Putin warns Russia has not started Ukraine campaign ‘in earnest’

Putin has warned Kyiv and its Western allies that Moscow has not even started its military campaign in Ukraine “in earnest”.

“Everyone should know that we have not started in earnest yet,” he told senior lawmakers. “At the same time we are not refusing to hold peace negotiations, but those who are refusing should know that it will be harder to come to an agreement with us [at a later stage].”

Russia’s Putin: If West wants to beat us on battlefield, let them try

President Vladimir Putin has said that if the West wanted to defeat Russia on the battlefield, it was welcome to try.

Russia was just getting started in Ukraine, Putin said in a hawkish speech to Russian parliamentary leaders, and the prospects for any negotiation would grow dimmer the longer the conflict dragged on.

“Today we hear that they want to defeat us on the battlefield. What can you say? Let them try,” Putin said in televised remarks to parliamentary leaders. “We have heard many times that the West wants to fight us to the last Ukrainian. This is a tragedy for the Ukrainian people, but it seems that everything is heading towards this.”

Johnson critics believe he used Ukraine crisis to distract from domestic issues: AJ correspondent

Al Jazeera’s Alan Fisher, speaking from Kyiv, says some of UK Prime Minister Boris Johnson’s critics in Downing street felt he used the war in Ukraine to “distract” from the problems at home.

“There were those in the United Kingdom who believed that Boris Johnson’s trips to Kyiv and also his phone calls to President Zelenskyy were some sort of political cover to use that to distract from problems at home,” he said.

“But there is no doubt that people here [in Ukraine] deeply respect Boris Johnson. In fact, there is a bakery here that sold out of a pastry that they developed in his honour called the ‘Boris Johnson’. It was an apple cake, which had a meringue top to replicate his hectic hairstyle.”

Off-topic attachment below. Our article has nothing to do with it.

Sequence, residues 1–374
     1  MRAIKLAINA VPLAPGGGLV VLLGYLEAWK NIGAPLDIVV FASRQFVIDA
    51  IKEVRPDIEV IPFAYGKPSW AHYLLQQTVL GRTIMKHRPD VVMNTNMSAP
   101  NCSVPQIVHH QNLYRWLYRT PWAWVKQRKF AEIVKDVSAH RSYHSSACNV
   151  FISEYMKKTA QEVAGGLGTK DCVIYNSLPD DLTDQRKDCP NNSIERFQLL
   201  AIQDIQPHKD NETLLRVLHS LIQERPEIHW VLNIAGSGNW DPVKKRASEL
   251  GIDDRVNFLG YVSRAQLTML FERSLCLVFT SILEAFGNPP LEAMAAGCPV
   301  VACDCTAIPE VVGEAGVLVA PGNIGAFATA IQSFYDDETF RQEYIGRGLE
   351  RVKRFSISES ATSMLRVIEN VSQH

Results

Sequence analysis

Ukraine's President Volodymyr Zelenskyy and British PM Boris Johnson
British Prime Minister Boris Johnson and Ukraine’s President Volodymyr Zelenskyy in Kyiv, Ukraine [Ukrainian Presidential Press Service/Handout via Reuters]

Zelenskyy meets US senators

Ukrainian President Zelenskyy has met with two US senators in Kyiv, according to a statement from his office, which published images of the president with United State Senators Lindsey Graham, a Republican from South Carolina, and Richard Blumenthal, a Democrat from Connecticut.

Zelenskyy spoke with them about Ukraine needing more air defences before the scheduled start of its school year in September.

“We must ensure such a level of security in the sky [so] that our people are not afraid to live in Ukraine,” Zelenskyy said.

Russian prosecutor seeks 7 years in jail for councillor over Ukraine criticism

A Russian prosecutor has requested a seven-year prison term for a Moscow city councillor for criticising Russia’s invasion of Ukraine, AFP news agency reported from court.

Alexei Gorinov, a 60-year-old lawyer by training, was arrested in late April for spreading “knowingly false information” about the Russian army and is now on trial.